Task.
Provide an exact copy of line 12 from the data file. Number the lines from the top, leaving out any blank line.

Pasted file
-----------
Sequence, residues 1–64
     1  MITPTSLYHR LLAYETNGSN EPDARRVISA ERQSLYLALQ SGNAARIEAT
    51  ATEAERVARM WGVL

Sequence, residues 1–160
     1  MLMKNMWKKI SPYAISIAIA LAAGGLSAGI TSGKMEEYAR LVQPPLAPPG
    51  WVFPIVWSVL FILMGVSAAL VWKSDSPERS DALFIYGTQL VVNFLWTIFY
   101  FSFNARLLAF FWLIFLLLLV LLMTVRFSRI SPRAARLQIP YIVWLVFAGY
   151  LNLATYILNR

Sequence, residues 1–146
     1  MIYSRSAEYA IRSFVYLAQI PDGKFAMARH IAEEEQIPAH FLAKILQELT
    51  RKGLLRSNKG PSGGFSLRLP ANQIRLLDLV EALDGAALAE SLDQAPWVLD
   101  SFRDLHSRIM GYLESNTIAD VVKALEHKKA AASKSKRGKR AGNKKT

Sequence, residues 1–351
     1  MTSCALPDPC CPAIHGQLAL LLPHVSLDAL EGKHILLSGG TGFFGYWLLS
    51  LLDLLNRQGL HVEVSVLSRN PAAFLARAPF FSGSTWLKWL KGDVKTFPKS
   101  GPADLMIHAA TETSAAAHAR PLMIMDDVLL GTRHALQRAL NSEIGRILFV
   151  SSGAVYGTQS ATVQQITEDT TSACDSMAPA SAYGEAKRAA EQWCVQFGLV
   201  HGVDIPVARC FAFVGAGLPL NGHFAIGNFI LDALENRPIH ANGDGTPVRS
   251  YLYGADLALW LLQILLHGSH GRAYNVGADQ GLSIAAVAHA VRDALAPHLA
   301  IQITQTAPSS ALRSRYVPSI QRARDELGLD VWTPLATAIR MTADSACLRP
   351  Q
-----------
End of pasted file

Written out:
   101  SFRDLHSRIM GYLESNTIAD VVKALEHKKA AASKSKRGKR AGNKKT